August 27, 2010 / 5:44 AM / 8 years ago

On the set as "Glee" begins its second season

LOS ANGELES (Hollywood Reporter) - It’s 10 a.m. on a Wednesday in the middle of a cavernous soundstage at Paramount Studios, and while the world outside is bathed in sun, everything inside is dark — everything, that is, except for the warren of classrooms and offices that make up the set of Fox’s “Glee.”

A dozen cameramen, grips and assistants are squeezed into Principal Figgins’ tiny office as four of the cast’s regulars try out their lines. They’re rusty at first, as you might imagine given that today is their first day back from summer hiatus.

Two of the main characters are having an argument.

“Finn was just trying to help out his handicapable friend!” Will (Matthew Morrison) yells.

“He was insubordinate — twice!” a large, intimidating woman played by Dot Marie Jones shoots back. “I am the captain of the USS Kick Ass, not the USS Back Talk!”

She stumbles slightly on the line.

“Let’s try it again,” urges Brad Falchuk, one of the show’s executive producers, who’s also directing.

She does — and again — and then she nails it, storming out of the room for dramatic effect as a wave of relief suffuses her and everyone else.

Welcome to the world of “Glee,” Fox’s monster hit that returns September 21 for its second season. The stakes are sky-high for everyone, not least Jones, the veteran actress who debuts as a formidable female football coach and rival to Sue Sylvester (Jane Lynch).

Jones is just now being thrust into the rollercoaster ride that “Glee” has become — not to mention plunged into a cast that has bonded in the cauldron of publicity that consumed them this past year.

“I was nervous,” she admits. “(But) I was also excited.”

A few months ago, she was standing in the fruit and vegetables section of a Whole Foods store in the San Fernando Valley when she ran into Falchuk. She had guest starred for him and fellow executive producer Ryan Murphy on FX’s “Nip/Tuck.”

“‘I love “Glee.” I wish I could be on it,’” she told him. “Two weeks later, I got a call from my agent saying that Ryan was writing something for me. I was like, ‘Holy cow, this is unreal!’ “

Unreal may be an understatement.

Today, Jones is surrounded by young actors who have become overnight celebrities. One by one they traipse in and start milling around — first Morrison (Will), then Lea Michele (Rachel), then Chris Colfer (Kurt) and Cory Monteith (Finn). Only Lynch is absent on this first morning back — she had laryngitis the night before — and the big soundstage feels strangely empty without her.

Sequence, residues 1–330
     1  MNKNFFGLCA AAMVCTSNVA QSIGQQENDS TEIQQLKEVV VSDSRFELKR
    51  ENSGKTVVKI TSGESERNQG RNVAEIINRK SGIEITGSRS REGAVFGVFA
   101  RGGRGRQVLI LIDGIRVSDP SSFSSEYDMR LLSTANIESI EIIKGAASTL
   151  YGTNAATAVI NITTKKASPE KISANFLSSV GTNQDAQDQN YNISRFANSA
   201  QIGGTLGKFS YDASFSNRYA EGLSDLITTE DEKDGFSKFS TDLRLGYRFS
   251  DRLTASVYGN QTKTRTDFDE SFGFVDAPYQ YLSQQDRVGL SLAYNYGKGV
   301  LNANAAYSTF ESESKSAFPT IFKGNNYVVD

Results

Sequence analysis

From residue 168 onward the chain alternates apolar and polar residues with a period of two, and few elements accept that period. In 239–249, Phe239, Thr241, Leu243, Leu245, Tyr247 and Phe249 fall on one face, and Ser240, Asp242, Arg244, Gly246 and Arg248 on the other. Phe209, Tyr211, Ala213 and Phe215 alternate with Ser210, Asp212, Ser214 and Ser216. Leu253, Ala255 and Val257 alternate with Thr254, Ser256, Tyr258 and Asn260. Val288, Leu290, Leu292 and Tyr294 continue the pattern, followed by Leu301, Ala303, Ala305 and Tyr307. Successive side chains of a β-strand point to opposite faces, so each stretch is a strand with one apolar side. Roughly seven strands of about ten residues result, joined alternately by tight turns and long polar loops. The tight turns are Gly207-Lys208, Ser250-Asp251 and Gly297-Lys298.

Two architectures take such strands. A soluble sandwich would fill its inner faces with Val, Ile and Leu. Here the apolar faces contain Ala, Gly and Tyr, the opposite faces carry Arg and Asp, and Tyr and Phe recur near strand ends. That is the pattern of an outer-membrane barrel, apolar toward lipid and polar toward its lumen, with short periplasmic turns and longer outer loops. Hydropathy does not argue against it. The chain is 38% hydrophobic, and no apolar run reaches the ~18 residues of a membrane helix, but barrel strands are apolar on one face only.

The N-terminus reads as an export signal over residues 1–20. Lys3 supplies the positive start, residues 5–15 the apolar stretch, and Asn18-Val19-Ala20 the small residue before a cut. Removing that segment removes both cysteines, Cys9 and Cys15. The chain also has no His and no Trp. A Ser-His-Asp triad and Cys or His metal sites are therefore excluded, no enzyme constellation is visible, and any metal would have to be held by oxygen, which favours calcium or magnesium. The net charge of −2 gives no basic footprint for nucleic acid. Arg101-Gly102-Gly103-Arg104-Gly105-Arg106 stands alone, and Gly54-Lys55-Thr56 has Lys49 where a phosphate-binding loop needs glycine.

Just 12 months ago, “Glee” didn’t even have a soundstage of its own. Now it has two and a half to call home.

For the 20-plus actors and crew swirling around, expectations are enormous — especially with 19 Emmy nominations that could result in a sweep Sunday night. The pressure is palpable.

“The first day is (about) making sure everyone is OK,” says Murphy, a man whose serious manner contrasts with the joyfulness of his work. “People are nervous. I get nervous, because I’m like a proud papa who wants the kids to knock it out of the park.”

The network wants that, too. But Murphy is resisting pressure just to repeat what “Glee” did its first season. “The obvious choice would be to make it bigger and bolder — I mean, 10 numbers,” he says. “Instead, we’re going quieter and more intimate. We are doing the exact opposite of what people think.”

An hour later, Michele proves the point.

She’s sitting glued to a chair in the choir room, tackling one of those intimate scenes as she’s interrogated by Will, Tina (Jenna Ushkowitz) and Mike (Harry Shum Jr.). They’re all furious at her for sending a new rival, Sunshine (played by YouTube phenomenon Charice Pempengco), into the city’s slums.

“(You’re) an ambitious little freak,” Tina snaps.

“I love you all so much,” Rachel sobs.

Then she stops cold and turns to Falchuk, sitting by a monitor.

“Should I stand at this point?” she asks. “Should I walk around the chair? Is it better if I lean into Matthew?”

To anyone unfamiliar with the rehearsal process, Michele could come across as demanding. But the more time you spend with her, the more you realize it’s all about perfection. “If I give her direction even about a word, she will take it and change the whole sentence, and make it so much better,” Falchuk says.

Later, taking a break from work — though not from her phone, which she uses to text back and forth endlessly — Michele seems uncertain.

“It’s kind of tough getting back into the groove,” she admits.

The groove is so different from anything she’s known before. Michele was a Broadway actress who’d never had any long-running role on television, and was constantly being rejected either because she wasn’t a classic Hollywood beauty or because she was too ethnic — or for myriad other reasons. Now she’s a mega-star.

In real life, she is smaller than one might think — tiny, in fact. She looks every bit the part of a high school student, dressed in the kind of garb which will surely start a fashion craze for teens: a short skirt and funky yellow-and-blue knee socks, one of her two costumes for the day.

She goes over and over her scene, worrying about whether to play it this way or that. Falchuk says he wants Rachel to seem humbled, but Michele would like to try it a few different ways. She pecks out a few more text messages. Then heads back to shoot.

In the choir room, she faces her accusers. Only, she’s not humble, she’s defiant. “I was wrong before,” she says in the scene. “I didn’t want anyone coming in and messing up the dynamic. Mike, Tina, I did it for you.”